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Extradition waived in chili case

Woman who said she found finger will go to Calif.

LAS VEGAS -- The woman who was arrested after claiming that she bit into a human finger in a bowl of Wendy's chili waived extradition yesterday, telling a judge she was eager to return to California to face charges.

Anna Ayala, 39, appeared before the same judge who issued a warrant for police to search her home outside Las Vegas on April 6. Records from that raid are sealed.

Outside court, Ayala's lawyer, Frederick Tait Ehler of San Jose, derided the charges against his client as baseless.

''Anna says they're ridiculous," Ehler said of the charges of attempted grand larceny. ''She's eager to go back to San Jose."

Ayala was arrested late Thursday. San Jose police said Friday that her claim was a hoax.

Authorities said the charge of attempted grand theft relates to the millions in dollars in financial losses Wendy's has suffered since news broke of her claim.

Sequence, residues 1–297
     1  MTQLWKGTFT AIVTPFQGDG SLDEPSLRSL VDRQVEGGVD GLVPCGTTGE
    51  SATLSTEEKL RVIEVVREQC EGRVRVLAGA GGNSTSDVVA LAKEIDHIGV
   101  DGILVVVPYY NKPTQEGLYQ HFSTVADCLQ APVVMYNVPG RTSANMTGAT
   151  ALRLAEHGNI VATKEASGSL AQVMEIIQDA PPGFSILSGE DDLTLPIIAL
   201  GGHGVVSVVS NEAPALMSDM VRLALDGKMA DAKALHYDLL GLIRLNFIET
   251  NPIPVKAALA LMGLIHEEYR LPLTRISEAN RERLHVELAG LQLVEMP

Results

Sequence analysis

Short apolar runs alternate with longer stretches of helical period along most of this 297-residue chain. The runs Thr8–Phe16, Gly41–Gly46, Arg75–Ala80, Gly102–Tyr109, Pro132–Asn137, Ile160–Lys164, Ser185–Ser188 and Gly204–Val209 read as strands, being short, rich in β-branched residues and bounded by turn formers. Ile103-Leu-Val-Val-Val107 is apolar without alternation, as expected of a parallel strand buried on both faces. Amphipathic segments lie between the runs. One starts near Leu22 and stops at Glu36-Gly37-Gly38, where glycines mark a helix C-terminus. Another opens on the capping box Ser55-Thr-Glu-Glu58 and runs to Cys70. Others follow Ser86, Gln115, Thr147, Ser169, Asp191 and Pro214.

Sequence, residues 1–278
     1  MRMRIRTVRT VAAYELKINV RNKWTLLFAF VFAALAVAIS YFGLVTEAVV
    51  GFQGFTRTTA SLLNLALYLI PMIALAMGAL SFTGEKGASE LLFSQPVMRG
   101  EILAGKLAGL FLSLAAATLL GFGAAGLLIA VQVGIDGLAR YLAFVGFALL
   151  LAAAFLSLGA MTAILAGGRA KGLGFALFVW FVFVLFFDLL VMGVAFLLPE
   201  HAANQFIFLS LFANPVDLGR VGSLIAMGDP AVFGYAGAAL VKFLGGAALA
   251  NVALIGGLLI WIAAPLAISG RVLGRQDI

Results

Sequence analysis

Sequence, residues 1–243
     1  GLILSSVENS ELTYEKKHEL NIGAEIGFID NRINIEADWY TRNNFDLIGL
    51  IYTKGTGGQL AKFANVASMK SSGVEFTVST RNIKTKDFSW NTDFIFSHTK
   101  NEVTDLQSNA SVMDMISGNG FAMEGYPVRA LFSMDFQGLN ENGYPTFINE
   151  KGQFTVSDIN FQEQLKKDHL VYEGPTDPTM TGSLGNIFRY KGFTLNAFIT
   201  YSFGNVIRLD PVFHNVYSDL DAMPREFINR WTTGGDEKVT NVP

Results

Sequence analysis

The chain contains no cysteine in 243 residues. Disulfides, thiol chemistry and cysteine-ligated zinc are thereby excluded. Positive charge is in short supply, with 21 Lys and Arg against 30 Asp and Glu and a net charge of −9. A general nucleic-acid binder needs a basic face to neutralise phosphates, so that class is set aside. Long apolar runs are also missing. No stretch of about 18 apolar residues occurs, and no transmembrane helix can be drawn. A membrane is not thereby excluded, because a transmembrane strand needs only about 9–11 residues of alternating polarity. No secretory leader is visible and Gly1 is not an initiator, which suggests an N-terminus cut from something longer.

Ayala maintains she bit down on a 1.5-inch-long finger fragment while dining March 22 with her family at a Wendy's in San Jose. She has rebutted allegations that she put the digit in her bowl.

She hired a lawyer and filed a claim against the franchise owner, but dropped the legal fight shortly after police searched her home.

Ayala faces a maximum of seven years in prison if convicted of the larceny charges and at least another 16 months if convicted of unrelated charges that she allegedly bilked a woman of $11,000 over a soured real estate deal two years ago.

Ayala has been involved in nearly a dozen legal battles, including lawsuits against an employer for sexual harassment, an auto dealer over a car, and a different fast-food chain for food poisoning.

Authorities have not yet identified to whom the finger belonged or Ayala's alleged connection to it.

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